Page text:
In the late 2000’s I was a big collector of old Stiga table tennis blades. In retrospect now I have to say owning those ancient blades started me thinking about what is inside and why old Stiga table tennis blades are so expensive. The age is not everything. I got around 1000 pcs of old blades and I had
- Cor de Buy blades also
but none of them had the fame and value that Stiga paddles had.
Did you know that the Dutch company Cor de Buy copyrighted the sandwich construction laminated woods (in their terms: core + 2 thinner outer plies per side) for building table tennis blades?
Well, I have been thinking about what made Stiga so outstanding table tennis brand and why they lead the pingpong equipment world and then collectors. Many experts say because of the processes and raw material and I have to agree. But there is another factor that Stiga mastered and it is not connected to Esklistuna. It was their huge amount of knowledge on sports equipment. In the 40’s to 60’s period they ran fishing, hunting, archery and ice-hockey business that might be that necessary fragment or collection of knowledge to build a strong bases for establishing and developing Stiga table tennis empire.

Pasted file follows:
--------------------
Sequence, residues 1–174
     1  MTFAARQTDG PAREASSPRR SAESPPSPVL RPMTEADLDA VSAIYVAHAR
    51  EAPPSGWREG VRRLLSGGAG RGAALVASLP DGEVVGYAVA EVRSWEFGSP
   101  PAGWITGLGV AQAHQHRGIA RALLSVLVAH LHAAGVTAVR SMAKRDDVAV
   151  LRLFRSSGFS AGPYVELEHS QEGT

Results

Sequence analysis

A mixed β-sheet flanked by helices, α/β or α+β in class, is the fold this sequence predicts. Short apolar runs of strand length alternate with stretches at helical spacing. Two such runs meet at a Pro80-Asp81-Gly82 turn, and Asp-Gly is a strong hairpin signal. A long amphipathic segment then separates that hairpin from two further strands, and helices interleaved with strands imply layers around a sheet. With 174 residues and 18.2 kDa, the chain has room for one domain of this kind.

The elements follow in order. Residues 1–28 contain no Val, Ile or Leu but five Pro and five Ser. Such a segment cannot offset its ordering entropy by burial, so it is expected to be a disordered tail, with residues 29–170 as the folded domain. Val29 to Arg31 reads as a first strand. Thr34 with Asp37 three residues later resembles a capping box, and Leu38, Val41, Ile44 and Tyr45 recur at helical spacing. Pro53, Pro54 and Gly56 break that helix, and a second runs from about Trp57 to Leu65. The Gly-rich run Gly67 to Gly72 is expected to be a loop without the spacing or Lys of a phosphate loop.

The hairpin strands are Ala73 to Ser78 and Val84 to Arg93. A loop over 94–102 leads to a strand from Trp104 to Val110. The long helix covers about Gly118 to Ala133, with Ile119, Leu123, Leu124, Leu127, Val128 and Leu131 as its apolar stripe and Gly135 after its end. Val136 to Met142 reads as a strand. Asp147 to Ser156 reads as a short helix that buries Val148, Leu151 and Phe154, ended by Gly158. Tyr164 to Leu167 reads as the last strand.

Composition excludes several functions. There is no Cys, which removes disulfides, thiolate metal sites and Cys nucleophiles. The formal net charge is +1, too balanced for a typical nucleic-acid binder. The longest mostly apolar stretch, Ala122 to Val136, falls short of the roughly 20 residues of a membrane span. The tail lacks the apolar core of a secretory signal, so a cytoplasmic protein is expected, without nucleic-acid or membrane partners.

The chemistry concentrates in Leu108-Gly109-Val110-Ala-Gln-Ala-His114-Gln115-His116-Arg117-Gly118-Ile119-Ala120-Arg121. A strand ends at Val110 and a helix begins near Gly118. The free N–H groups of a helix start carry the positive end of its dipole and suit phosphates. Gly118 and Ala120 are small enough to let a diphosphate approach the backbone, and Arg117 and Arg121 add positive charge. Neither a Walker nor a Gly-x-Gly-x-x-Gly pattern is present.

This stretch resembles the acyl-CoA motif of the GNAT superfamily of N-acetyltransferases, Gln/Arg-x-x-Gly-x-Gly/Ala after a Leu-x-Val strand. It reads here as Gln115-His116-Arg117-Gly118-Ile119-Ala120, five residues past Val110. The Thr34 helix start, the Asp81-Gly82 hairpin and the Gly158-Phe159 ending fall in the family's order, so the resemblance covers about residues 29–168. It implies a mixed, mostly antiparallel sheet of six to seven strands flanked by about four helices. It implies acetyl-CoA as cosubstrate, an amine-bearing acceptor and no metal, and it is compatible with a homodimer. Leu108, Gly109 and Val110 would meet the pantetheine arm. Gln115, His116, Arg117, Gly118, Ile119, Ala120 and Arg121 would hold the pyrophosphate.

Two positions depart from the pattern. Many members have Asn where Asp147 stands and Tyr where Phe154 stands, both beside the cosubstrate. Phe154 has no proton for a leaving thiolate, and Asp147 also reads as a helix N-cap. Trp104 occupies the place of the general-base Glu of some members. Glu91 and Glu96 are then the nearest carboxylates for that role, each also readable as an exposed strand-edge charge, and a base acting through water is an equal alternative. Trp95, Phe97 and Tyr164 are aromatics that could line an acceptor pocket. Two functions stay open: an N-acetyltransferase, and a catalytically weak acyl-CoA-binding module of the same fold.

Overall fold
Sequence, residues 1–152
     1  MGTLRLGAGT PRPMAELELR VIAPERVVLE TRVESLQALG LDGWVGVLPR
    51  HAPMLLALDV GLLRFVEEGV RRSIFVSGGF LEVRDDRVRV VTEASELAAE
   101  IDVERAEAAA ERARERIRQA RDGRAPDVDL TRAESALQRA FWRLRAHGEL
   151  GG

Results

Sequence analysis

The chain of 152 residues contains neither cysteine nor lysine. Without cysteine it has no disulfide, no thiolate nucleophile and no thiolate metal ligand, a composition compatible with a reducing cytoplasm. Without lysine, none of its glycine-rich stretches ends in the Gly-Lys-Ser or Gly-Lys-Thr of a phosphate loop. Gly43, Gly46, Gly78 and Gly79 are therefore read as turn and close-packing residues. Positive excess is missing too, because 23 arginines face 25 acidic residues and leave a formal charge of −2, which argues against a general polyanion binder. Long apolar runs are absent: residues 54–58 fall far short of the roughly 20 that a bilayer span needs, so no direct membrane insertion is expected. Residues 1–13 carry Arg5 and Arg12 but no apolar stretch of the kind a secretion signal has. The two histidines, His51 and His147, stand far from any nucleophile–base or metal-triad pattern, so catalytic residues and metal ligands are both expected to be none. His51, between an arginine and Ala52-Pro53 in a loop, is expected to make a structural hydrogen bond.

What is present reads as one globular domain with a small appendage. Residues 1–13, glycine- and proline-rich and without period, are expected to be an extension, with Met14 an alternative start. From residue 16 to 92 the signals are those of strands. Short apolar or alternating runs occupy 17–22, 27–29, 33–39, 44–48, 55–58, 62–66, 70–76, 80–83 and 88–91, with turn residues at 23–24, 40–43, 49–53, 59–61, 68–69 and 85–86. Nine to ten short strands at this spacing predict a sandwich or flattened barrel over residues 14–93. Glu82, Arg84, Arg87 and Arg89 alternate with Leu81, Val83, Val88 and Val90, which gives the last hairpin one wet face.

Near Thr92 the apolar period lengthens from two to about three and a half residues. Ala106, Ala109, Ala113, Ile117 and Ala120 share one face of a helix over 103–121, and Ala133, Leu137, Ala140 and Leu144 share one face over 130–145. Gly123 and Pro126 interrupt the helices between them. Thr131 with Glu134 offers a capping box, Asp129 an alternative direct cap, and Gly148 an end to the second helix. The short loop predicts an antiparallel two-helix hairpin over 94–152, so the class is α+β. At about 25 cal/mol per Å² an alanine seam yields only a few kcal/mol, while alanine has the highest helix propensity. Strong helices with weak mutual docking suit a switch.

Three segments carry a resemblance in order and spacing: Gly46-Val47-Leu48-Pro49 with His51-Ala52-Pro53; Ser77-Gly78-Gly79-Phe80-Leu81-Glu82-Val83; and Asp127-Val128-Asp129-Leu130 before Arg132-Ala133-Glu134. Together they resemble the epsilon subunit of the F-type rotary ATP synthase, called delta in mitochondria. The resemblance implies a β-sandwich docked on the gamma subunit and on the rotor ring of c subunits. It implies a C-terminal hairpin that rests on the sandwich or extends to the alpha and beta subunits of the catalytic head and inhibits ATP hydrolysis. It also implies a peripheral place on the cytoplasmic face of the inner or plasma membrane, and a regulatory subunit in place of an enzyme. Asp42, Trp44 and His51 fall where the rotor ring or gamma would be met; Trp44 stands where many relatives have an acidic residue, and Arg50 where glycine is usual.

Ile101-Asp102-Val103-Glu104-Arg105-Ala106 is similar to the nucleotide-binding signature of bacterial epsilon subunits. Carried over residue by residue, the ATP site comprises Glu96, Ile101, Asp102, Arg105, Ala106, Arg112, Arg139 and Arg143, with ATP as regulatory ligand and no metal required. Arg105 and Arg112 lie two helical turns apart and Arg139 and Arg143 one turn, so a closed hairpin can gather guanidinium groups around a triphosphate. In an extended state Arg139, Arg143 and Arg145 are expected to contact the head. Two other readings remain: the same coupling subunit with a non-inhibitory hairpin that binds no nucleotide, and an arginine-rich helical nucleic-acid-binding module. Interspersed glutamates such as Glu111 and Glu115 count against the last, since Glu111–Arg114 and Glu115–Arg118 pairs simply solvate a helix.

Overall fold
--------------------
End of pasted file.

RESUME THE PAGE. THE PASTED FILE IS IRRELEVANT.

I am convinced their experience on laminated wood is coming from archery and ice-hockey bats and precision is also needed for manufacturing fishing reels and airguns. Once I found mechanic shaver in our early 70’s catalogue so Stiga was really multifunctional company that helped a lot to make good quality table tennis blades at that time.
The blades features provided the extra feeling that enables you to enjoy playing pingpong. It means for me Stiga blades were comfortable to play so they spread easily expanded by their goo marketing that is coming from their other departments.
It would be a longer story but this is the end of the article, you can read more at my special website.